Eli Lilly to Market Authorized Generic Insulin Drug for 50% off List Price
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In what is likely a preemptive move to avoid government action on insulin prices, Eli Lilly and Company announced it will start selling an “authorized generic” version of Humalog 100 at about 50 percent off the list prices. The price will be $137.35 per vial. Diabetes patients typically use two vials per month.
The new product will be branded Insulin Lispro and sold through ImClone Systems, a Lilly subsidiary.
“There are clearly patients who, despite many best efforts, are struggling to afford their insulin,” David Ricks, Lilly’s chief executive officer, told The New York Times. “This is a step we can take to close part of that remaining gap.”
Congress has held several committee hearings in the last month to address high drug prices. Many of the hearings have focused on the high price of insulin. With the 2020 presidential election now in full swing, drug pricing has become—again—a hot-button issue.
According to a recent study, the annual cost of insulin for a type 1 diabetes patient in the U.S. has almost doubled from $2,864 in 2012 to $5,705 in 2016.
In January, Representative Elijah Cummings (D-MD), chair of the House Oversight Committee, sent a letter to a dozen pharmaceutical companies requesting detailed information on their pricing practices. In particular, Cummings focused on drugs those costs have risen the most in the last five years. Several of those were for diabetes.
Lilly will also continue to sell Humalog at its regular price, as, The New York Times reports, to insurers and employers who want to “keep pocketing the large discounts, or rebates, they receive for purchasing brand-name drugs, while also making available a cheaper version to patients who pay for their insulin out of pocket.”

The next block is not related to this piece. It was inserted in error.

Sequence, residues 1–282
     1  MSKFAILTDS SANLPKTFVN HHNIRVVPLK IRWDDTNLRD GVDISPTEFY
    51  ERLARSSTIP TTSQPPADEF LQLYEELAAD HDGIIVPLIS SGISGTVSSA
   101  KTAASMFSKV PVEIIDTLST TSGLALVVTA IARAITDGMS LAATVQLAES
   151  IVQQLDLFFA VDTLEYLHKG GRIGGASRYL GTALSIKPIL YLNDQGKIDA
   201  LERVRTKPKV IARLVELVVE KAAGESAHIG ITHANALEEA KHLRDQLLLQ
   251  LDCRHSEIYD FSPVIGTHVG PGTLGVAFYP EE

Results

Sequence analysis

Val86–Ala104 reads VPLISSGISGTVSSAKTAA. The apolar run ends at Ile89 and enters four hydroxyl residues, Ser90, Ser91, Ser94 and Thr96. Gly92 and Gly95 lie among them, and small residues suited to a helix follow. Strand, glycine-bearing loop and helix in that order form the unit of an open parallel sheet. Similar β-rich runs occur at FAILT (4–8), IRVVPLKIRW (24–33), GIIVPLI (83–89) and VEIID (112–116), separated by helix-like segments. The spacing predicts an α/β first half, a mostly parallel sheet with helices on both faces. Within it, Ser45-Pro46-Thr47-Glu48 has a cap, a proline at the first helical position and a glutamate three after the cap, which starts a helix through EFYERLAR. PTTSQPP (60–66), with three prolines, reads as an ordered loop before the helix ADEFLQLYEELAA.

A recent hearing by the U.S. Senate Finance Committee questioned seven top pharmaceutical executives on drug pricing. One of the responses all of the executives had over drug pricing was the role of Pharmacy Benefits Managers (PBMs) and drug rebates. Drug companies negotiate on drug pricing with PBMs. Rebates can be as high as 40 percent. The PBMs are expected to pass the savings along to their customers, although that does not always happen.
The patients using Lilly insulin products who can shift to the generic version who are most likely to benefit are those who have no health insurance. Patients whose Humalog is covered by insurers will probably see no change or a moderate decrease in their costs.
“This announcement is a great step forward to make insulin more affordable,” Derek Rapp, chief executive of JDRF, a diabetes advocacy group that is partially funded by Eli Lilly, told The New York Times. He went on to urge “all other insulin manufacturers to follow Eli Lilly in finding ways to bring down the price of this lifesaving drug.”
One of the reasons the hearings focus on insulin is the drug has been in existence since the 1920s. But the three companies that dominate the market, Eli Lilly, Novo Nordisk and Sanofi, have regularly increased list prices on insulin products over the last 10 years or so. To be fair, many of the products on the market for type 1 and type 2 diabetes, particularly type 2 diabetes, are not specifically insulin, but alternate products, such as GLP-1 agonists like AstraZeneca’s Byetta, Novo Nordisk’s Victoza and Ozempic, Sanofi’s Lyxumia, and Lilly’s Trulicity, which have only been approved in the last few years.
In February, the Senate Finance Committee addressed a letter to Lilly requesting information about how it set prices for insulin products, including Humalog. In part, the letter noted that taxpayers spend more than $1 billion annually for Humalog via Medicare and Medicaid. It added, “When one insulin product costs the taxpayer more than $1 billion in one year, the American people ought to know how the company prices its product.”
Interestingly, Lilly argues that the net price of Humalog has actually dropped by 8 percent over the past five years.